Crystal Grenier

“I am off to see the Wizard, the wonderful Wizard of OZ”

Dorothy and Toto, have been taken from their prior lives by a tornado, a cancer diagnosis. They show up in an unknown place, unsure of what to do and which way to go. Their known way of living and Dorothy’s life are intimidated by cancer, the haunting Witch. Along their journey, they meet several companions; the Scarecrow, who portrays the knowledge and information needed to make educated decisions and consent to treatment; the Tin Man, who portrays the physical impacts of cancer and cancer treatment; and the Cowardly Lion, who portrays the psychosocial impacts of cancer and treatment, and the mandatory courage needed to overcome fear. Glinda the Good Witch portrays the health care team who will guide Dorothy and Toto through the process, and the Wizard of OZ illustrates recovery and survivorship. 

In the fall of 2017, a discovered lump in my right armpit raised some concern prompting a visit to my PA for a further diagnosis. An ultrasound and biopsy confirmed the news no one wants to hear, “you have Invasive Ductal Carcinoma … breast cancer.” The Wicked Witch of the West stuck her green pointy nose in my face, and I was no longer in Kansas anymore. 

My yellow brick road journey started with an introduction to the Scarecrow who guided my networking research into a prescribed timeline starting with my oncologist in Minot, a surgeon in Bismarck, two visits to Mayo in MN, and a cancer care team to administer the required chemotherapy and radiation treatments. The Tin Man, who showed up as weekly drives to Minot to endure 20 weeks of chemotherapy followed up by 28 daily rounds of radiation became the norm with expected physical and mentally demanding common side effects. I personally embraced the hair loss, pushed through the chemo brain fog, exercised to fight my light fatigue, and adapted my appetite to find warmth and comfort in certain foods. The Cowardly Lion brought fear and anxiety of looking and feeling different. Bouts of periodic depression and stress needed to be medicated daily through my holistic practices of yoga, meditation, and light exercise.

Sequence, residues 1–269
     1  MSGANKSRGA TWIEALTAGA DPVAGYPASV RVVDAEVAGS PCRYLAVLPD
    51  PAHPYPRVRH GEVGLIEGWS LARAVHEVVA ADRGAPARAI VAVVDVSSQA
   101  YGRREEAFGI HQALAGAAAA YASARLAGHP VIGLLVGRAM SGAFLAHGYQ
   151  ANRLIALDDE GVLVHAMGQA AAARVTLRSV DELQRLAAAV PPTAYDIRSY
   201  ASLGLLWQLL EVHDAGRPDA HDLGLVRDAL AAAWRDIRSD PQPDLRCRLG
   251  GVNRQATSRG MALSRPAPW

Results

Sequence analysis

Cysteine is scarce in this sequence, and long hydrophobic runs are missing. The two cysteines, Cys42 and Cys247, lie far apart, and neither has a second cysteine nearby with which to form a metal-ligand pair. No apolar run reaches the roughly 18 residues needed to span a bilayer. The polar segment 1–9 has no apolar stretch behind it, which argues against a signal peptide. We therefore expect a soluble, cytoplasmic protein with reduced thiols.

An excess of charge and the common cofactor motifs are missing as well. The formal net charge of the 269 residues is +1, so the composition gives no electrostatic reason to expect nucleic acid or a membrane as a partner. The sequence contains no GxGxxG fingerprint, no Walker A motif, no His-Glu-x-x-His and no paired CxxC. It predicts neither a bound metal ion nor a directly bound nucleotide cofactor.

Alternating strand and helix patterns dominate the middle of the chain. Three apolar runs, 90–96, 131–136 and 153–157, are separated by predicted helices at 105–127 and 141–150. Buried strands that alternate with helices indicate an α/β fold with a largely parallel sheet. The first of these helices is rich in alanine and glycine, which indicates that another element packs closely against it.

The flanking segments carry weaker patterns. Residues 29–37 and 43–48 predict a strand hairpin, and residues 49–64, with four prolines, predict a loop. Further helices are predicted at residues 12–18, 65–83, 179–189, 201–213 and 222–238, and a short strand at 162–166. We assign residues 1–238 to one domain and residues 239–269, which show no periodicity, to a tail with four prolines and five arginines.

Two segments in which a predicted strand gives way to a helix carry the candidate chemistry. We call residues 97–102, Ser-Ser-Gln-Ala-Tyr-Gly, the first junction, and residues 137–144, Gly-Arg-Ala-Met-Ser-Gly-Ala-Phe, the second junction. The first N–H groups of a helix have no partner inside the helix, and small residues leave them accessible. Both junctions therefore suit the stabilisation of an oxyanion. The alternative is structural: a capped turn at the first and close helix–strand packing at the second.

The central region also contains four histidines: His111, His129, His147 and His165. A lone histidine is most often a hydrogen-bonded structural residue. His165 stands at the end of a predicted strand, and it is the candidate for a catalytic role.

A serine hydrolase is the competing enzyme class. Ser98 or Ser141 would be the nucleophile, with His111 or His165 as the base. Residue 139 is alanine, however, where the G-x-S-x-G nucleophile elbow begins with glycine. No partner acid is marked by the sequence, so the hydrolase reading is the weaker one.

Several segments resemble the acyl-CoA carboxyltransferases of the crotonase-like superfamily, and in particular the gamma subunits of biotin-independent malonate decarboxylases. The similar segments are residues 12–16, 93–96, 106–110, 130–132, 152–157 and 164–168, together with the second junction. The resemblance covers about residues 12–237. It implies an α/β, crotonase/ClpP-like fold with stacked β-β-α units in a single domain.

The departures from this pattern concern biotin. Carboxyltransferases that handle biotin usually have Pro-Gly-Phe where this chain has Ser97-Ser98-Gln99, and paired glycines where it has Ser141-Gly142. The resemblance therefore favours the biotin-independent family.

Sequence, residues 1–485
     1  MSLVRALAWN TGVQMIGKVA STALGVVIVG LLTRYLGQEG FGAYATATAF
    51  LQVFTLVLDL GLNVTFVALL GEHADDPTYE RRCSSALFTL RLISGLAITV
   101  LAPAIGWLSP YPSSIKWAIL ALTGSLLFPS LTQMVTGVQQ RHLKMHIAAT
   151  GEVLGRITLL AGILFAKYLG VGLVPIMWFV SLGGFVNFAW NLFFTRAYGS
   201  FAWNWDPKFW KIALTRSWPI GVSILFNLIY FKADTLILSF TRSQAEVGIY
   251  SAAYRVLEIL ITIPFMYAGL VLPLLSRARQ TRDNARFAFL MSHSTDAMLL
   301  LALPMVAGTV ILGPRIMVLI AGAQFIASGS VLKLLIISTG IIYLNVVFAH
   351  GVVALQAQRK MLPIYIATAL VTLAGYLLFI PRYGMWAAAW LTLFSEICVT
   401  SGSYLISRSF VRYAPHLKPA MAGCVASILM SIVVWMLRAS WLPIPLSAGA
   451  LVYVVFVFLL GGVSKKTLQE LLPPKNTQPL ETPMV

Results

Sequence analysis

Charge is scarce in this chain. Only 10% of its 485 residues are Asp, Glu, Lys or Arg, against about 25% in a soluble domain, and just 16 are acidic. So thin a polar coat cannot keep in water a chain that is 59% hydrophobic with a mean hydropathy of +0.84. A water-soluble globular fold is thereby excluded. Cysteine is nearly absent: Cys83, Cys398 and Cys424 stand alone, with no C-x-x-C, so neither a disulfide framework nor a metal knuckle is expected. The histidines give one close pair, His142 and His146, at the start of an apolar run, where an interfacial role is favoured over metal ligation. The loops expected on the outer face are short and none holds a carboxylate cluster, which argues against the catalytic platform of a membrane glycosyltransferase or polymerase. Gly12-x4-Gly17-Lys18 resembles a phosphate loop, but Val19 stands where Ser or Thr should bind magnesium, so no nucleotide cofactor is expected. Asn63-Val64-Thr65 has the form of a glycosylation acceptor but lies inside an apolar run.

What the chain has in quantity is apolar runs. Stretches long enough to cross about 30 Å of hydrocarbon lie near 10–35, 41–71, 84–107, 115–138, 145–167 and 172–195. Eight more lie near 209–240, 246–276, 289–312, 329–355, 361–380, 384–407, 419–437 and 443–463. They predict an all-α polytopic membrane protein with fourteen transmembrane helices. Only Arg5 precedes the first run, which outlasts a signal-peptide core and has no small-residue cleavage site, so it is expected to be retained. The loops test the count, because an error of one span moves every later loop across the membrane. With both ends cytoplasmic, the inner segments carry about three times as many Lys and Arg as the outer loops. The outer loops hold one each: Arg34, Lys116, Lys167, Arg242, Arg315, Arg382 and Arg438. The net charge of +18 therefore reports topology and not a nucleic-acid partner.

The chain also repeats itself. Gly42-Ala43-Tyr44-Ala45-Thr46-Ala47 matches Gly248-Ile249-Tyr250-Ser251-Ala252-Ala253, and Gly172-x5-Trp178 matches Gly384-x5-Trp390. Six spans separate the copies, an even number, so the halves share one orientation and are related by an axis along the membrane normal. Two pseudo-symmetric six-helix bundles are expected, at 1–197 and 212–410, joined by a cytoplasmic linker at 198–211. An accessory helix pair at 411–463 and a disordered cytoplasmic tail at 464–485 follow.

Glenda the Good Witch showed up as The Trinity Cancer Care team who provided the bubble of goodness in helping me receive the best treatment care possible. Two trips to Mayo in MN delivered necessary goodness needed to continue my care close to home. Monthly massage, chiropractic adjustments, and my alternative medicine doctor in SD all contributed to my cancer care team to guide me through this necessary time of my cancer journey. 

Finally, my Wizard of OZ brought rediscovery of SELF physically, mentally and spiritually. Physically, I continue to exercise or add movement daily. Mentally, I practice calming breathing techniques and short meditations, and spiritually, my wellness is being nurtured through value system practices.  

As there is no sure way to prevent breast cancer, what practices can we adopt to help stay cancer free? 

  1. Stay physically active – daily
  2. Get to and stay at a healthy weight
  3. Keep away from hormone therapy replacement after menopause (find natural ways to replace your hormones).
  4. Avoid or limit alcohol 
  5. Follow a healthy eating pattern

Remember that “Somewhere over the Rainbow” there is hope and we are always making strides against breast cancer through prevention, education, and donations.

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